Scotland’s first minister is to announce a further easing of the country’s lockdown rules.
The move is likely to set a date for when shops selling non-essential goods can reopen to customers.
People are also expected to be allowed to meet in larger groups than the current limit of eight.
And they could also be allowed to meet another household indoors for the first time since the lockdown was imposed across the UK on 23 March.
The announcement by Nicola Sturgeon will see the country formally move to the second phase of its four-phase “route map” to ending the lockdown.
It will see workers being allowed to return to construction sites, factories, warehouses and laboratories, so long as proper social distancing measures are in place.
Playgrounds and sports courts will also be allowed to reopen, and professional sport will be able to resume – although the country’s football season finished early, with the new season not due to start until August.
Marriages and civil ceremonies should restart, but outdoors and with limited numbers.
Ms Sturgeon has previously stressed that not all of the changes will happen overnight, and it might not be until “the coming weeks” that some are in place.
The tourism industry, for example, has already been told to prepare to reopen on 15 July.
Ministers are still thought to be considering options for pubs and restaurants, and there is not yet expected to be an announcement on the reopening of indoor shopping malls.
The Scottish government has generally been taking a more cautious approach to opening the country up again than the UK government has in England, where shops were able to reopen earlier this month.
Figures released this week showed that Scotland’s economy shrank by 18.9% in April, slightly lower than the 20.4% recorded for the UK as a whole.
Its unemployment rate is now the highest of any country in the UK at 4.6% – partly because of its dependence on the tourism industry.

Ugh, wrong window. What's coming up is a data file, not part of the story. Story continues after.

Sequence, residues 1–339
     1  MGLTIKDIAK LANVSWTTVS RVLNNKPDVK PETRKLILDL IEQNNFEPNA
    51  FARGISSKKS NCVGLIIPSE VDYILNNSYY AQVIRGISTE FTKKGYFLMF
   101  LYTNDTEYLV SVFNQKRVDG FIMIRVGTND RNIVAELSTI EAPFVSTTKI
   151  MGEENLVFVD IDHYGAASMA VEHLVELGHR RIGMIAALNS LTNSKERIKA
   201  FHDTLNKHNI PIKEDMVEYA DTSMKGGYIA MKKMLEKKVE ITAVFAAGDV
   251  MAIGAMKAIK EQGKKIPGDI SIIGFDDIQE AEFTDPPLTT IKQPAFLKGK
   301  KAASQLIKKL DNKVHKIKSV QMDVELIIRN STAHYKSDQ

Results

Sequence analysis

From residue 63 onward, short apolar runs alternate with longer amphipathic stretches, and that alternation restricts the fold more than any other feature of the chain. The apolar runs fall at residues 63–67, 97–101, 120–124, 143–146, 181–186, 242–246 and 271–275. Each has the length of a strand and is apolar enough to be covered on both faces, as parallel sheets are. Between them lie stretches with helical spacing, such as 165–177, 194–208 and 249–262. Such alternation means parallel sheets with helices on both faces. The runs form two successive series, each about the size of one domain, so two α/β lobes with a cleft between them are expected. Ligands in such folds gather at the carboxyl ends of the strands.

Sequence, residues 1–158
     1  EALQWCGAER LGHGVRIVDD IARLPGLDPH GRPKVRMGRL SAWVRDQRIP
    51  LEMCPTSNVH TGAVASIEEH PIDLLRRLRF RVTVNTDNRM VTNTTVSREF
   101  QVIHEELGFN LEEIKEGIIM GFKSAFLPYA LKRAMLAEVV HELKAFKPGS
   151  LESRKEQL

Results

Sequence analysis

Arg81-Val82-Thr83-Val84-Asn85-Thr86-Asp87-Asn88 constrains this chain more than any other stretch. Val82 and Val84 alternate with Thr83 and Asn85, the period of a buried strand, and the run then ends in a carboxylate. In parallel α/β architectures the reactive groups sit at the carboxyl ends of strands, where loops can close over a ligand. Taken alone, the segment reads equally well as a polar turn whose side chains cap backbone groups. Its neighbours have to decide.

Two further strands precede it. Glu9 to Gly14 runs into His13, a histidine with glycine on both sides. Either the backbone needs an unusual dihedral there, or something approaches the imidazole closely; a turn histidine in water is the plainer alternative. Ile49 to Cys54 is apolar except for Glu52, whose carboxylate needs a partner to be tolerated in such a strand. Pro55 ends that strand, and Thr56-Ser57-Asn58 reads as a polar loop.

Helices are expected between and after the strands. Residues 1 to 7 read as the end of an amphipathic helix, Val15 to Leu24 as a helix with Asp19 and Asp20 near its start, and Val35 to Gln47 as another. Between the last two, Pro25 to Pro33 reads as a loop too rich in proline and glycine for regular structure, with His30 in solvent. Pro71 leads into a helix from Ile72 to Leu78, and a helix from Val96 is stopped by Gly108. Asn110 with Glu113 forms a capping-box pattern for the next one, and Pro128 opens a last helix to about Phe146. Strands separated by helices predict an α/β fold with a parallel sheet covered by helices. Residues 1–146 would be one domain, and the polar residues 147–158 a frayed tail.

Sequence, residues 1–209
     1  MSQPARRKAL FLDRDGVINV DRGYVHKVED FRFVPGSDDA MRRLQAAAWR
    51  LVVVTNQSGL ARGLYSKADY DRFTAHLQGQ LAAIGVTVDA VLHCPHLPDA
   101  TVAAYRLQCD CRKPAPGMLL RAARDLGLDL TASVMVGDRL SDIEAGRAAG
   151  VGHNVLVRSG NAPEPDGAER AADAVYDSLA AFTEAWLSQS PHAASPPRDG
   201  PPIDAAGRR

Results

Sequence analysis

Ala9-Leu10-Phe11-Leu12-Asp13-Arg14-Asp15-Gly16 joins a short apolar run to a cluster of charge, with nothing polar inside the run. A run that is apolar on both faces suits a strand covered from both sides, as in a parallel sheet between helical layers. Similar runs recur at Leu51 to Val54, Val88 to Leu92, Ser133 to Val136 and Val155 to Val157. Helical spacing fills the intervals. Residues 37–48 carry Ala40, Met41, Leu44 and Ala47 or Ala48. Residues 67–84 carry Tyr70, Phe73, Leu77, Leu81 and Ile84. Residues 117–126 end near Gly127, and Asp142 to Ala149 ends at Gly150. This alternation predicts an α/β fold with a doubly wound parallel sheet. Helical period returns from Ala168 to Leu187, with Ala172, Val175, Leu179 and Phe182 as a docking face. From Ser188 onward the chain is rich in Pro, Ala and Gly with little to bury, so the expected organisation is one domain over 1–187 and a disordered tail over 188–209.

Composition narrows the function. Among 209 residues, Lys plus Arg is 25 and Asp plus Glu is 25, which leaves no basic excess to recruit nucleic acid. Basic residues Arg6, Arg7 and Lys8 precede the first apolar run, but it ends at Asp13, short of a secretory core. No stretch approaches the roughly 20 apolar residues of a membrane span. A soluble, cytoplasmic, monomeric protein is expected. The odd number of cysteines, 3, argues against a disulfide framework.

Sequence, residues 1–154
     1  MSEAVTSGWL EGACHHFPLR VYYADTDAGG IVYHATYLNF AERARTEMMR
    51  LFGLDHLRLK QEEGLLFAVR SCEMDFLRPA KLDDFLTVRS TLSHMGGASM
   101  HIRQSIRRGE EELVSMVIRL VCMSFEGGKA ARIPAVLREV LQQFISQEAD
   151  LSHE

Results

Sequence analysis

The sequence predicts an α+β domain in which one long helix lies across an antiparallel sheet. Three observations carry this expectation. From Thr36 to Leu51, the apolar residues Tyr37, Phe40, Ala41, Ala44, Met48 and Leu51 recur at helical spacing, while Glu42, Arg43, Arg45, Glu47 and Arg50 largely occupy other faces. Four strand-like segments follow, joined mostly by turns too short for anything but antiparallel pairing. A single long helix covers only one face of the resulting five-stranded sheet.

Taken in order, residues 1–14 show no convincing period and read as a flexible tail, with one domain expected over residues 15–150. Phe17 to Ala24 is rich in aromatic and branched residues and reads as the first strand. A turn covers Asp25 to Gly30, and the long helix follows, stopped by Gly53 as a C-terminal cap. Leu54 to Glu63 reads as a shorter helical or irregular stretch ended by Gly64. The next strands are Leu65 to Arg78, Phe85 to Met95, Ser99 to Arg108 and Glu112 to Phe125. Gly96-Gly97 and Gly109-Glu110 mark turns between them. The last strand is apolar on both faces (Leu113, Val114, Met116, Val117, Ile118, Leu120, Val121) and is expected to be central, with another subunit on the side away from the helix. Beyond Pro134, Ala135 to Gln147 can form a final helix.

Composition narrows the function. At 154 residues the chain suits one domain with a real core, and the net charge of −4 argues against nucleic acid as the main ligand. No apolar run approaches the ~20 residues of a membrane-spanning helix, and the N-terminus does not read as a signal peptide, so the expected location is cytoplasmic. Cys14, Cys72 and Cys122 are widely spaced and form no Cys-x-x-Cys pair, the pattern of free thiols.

Ms Sturgeon has been facing calls to speed up the easing process to limit the massive economic damage of the lockdown as much as possible.
But she is concerned that doing so too quickly will risk a resurgence of the virus that has already been linked to the deaths of more than 4,000 people in Scotland.
The route map for easing lockdown
Phase 1 (already in place): Virus not yet contained but cases are falling. From 28 May you should be able to meet another household outside in small numbers. Sunbathing is allowed, along with some outdoor activities like golf and fishing. Garden centres and drive-through takeaways can reopen, some outdoor work can resume, and childminding services can begin.
Phase 2: Virus controlled. You can meet larger groups outdoors, and meet another household indoors. Construction, factories, warehouses, laboratories and small shops can resume work. Playgrounds and sports courts can reopen, and professional sport can begin again.
Phase 3: Virus suppressed. You can meet people from more than one household indoors. Non-essential offices would reopen, along with gyms, museums, libraries, cinemas, larger shops, pubs, restaurants, hairdressers and dentists. Live events could take place with restricted numbers and physical distancing restrictions. Schools should reopen from 11 August.
Phase 4: Virus no longer a significant threat. University and college campuses can reopen in full, mass gatherings are allowed. All workplaces open and public transport is back at full capacity.
Speaking on Wednesday, the first minister said that she would “continue to proceed in a cautious and phased way”.
She added: “The more we hammer down the virus now, the more normality we can ultimately get back in all aspects of our lives.”
Ms Sturgeon acknowledged that the latest easing measures will not immediately restore the economy to full health, but insisted they would be a “significant and sustainable improvement on our current position.”
The Scottish government, like its UK counterpart, has been facing calls to reduce the current 2m social distancing rule to make it easier for the hospitality and tourism industries to reopen.
There has been speculation that guidelines on wearing face coverings in public could be toughened.
People in Scotland are currently advised to cover their faces with a mask when they are in shops or on public transport – but it is not compulsory, and many people are choosing not to do so.
Schools in Scotland will remain closed to pupils until the new term begins on 11 August, but there has been widespread concern over the “blended” model that will be put in place when they do reopen.
It will see pupils doing a mixture of classroom and home learning, with individual councils deciding how it will work in their areas.
Some councils have already said they will only allow a third of pupils to attend school at the same time, meaning some pupils will only be in the classroom once a week.
Other councils have not yet decided how many days pupils will spend in the classroom, and it is not yet known how long it will be before schools fully reopen to all pupils.
This has led to fears of a postcode lottery, with pupils in different parts of the country getting different levels of teaching.
There has also been concern about the impact of part-time schooling on parents, and on pupils from disadvantaged backgrounds.